Meghan Hollis

My research is largely focused in two areas: policing; and race/intersectionality, inequality, crime, and justice.  I seek to fill important gaps in the current criminological and sociological literature through my research efforts in these areas as well as to apply rigorous research methodologies to produce high-quality research.  My long-term research goals include further development of my policing scholarship through application of a dramaturgical perspective, and expanding on my race, ethnicity, intersectionality, inequality, crime, and justice research to understand the intersections of race/ethnicity/gender/identity with crime and justice (including studies of these intersections in policing).  I am focused on developing a scholarly career focused on publication of high-quality research findings in an effort to advance criminological and sociological theory, thought, and methodologies.

Much of my research has focused on social control and policing efforts.  My dissertation focused on the process through which police process events and the resulting crime or non-crime outcomes – in other words, organizational communication in police departments.  This research applies mixed methods (including ethnographic and quantitative data analysis techniques) to an examination of the various influences on policing outcomes during the definitional process.  As a part of this research I also have been examining neighborhood influences on social control – both informal and formal. Through this line of research, I seek to understand when citizens call the police and why.  I am trying to uncover the triggering mechanisms for initial police contact and better understand how police action is a reflection of societal requests for action.  My current work in this area includes a recently completed study on police organizational communication that I am converting to a book entitled Policing Through the Looking Glass.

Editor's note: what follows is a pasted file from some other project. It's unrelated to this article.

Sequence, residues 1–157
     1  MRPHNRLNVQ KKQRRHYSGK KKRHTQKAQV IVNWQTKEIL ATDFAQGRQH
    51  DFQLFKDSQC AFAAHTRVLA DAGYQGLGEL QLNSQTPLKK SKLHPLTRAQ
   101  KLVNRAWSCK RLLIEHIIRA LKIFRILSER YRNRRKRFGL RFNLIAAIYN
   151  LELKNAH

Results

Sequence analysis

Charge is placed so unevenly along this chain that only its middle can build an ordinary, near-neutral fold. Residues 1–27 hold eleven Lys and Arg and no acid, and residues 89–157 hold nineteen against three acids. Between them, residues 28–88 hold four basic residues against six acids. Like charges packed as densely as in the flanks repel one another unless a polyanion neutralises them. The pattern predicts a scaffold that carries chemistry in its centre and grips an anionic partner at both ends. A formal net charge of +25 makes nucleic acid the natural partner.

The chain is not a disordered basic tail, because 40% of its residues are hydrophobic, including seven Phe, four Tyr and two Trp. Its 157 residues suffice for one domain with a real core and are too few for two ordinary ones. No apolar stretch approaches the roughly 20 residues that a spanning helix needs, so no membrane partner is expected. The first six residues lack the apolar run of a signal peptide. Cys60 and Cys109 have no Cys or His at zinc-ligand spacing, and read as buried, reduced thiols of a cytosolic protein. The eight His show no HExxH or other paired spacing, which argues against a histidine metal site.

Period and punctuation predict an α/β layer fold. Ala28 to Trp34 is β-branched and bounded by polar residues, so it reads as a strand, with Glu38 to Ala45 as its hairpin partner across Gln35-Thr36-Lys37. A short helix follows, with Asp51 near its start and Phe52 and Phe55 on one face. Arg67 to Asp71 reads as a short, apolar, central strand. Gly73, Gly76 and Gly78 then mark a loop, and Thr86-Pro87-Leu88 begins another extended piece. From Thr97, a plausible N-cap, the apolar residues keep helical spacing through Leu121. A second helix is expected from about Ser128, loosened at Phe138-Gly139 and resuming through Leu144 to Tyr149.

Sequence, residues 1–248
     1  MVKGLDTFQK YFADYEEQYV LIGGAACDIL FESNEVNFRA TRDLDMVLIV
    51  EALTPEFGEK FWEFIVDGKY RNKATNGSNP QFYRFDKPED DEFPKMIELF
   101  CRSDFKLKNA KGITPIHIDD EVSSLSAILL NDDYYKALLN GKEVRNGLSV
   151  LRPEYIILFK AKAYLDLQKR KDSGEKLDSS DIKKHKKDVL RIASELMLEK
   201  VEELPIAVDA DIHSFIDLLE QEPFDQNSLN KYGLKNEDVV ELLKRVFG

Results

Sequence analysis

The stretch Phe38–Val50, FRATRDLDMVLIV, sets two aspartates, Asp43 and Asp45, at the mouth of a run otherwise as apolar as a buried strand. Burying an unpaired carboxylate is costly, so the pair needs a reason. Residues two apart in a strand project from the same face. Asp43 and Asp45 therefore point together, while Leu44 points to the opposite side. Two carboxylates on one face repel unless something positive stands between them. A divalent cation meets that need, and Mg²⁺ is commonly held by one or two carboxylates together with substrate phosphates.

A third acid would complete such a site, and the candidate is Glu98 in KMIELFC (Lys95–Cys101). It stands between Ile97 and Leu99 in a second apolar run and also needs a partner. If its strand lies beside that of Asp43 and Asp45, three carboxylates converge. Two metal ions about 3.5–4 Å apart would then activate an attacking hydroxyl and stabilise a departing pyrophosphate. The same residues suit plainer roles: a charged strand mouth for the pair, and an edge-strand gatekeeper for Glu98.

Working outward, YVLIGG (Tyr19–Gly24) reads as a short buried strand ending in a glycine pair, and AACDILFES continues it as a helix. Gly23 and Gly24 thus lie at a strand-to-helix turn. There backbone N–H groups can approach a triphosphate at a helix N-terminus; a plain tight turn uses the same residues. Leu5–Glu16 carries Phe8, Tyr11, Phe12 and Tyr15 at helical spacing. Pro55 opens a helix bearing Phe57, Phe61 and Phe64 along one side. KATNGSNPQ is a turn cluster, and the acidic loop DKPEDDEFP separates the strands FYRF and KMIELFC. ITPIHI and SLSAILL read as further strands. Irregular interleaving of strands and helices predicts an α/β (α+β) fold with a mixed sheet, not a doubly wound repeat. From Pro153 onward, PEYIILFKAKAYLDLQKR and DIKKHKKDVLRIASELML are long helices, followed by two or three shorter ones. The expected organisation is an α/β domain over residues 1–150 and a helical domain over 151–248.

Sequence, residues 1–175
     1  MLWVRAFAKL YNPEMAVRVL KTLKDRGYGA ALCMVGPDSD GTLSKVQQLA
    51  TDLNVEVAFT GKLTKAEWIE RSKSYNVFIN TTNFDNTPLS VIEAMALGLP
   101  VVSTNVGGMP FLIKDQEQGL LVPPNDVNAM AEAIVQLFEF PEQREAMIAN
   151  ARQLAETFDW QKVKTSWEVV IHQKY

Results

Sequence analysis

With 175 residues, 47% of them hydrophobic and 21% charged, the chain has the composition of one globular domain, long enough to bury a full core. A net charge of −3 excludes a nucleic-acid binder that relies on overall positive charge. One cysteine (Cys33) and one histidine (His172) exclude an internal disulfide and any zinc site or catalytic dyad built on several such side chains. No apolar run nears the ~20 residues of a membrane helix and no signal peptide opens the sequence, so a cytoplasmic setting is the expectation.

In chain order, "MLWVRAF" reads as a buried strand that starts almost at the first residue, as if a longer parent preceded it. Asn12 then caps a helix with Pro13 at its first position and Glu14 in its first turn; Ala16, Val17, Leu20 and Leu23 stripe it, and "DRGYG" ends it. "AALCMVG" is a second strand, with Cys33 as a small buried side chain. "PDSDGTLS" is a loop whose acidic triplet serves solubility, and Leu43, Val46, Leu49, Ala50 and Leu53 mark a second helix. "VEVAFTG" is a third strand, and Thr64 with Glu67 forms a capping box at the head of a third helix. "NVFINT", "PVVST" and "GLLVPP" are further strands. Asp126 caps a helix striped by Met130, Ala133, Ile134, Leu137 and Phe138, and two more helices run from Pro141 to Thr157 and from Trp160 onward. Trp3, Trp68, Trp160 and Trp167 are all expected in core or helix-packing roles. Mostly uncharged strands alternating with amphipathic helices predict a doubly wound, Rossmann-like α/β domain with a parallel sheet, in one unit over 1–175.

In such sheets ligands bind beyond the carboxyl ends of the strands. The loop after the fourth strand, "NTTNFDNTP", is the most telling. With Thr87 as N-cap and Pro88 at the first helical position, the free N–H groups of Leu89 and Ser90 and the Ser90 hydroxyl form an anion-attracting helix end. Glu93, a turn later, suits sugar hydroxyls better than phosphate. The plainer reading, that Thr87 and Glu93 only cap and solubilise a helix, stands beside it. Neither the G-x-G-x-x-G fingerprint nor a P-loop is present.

My policing and social control research is also focused on organizational dynamics – both within the police department as well as applying an organizational view to neighborhoods.  I am currently finishing data collection on a police organizational wellness study with the Austin Police Department.  I will be converting this to a series of articles initially, but I hope to write a book on organizational wellness challenges in policing in the future.    

I am also working on a theoretical monograph applying critical theories to policing.  Policing research has been largely atheoretical.  The major theoretical work in the field comes from policing studies of the 1960s and 1970s.  The only recent work to examine policing through a theoretical lens is the work of Peter K Manning on democratic policing.  I am working to fill this void in all three of the previously mentioned projects.  

I have been working on expanding my research to better understand the intersections of race, gender, ethnicity, and crime in recent years.  I conducted a community study to look at these dynamics in Detroit, Michigan in 2012-2013.  I am currently working on a series of publications based on that study.  I recently worked with Dr. Ramiro Martinez as co-editor on a special issue of Sociological Focus on Ethnography from the Margins.  This issue focused on the intersections of marginalization, power, and powerlessness in society.  I also recently co-edited The Handbook on Race, Ethnicity, Crime, and Justice with Dr. Ramiro Martinez and Dr. Jacob Stowell.  This volume provided readers with the current state of the field with respect to race and ethnicity studies.  I am currently working on two papers examining disproportionate minority contact as it relates to pretrial release practices and patterns and sentencing patterns.  I am also working on research on the intersections of race, ethnicity, and gender in police employment with a focus on barriers to employing non-White and/or female officers in policing. 

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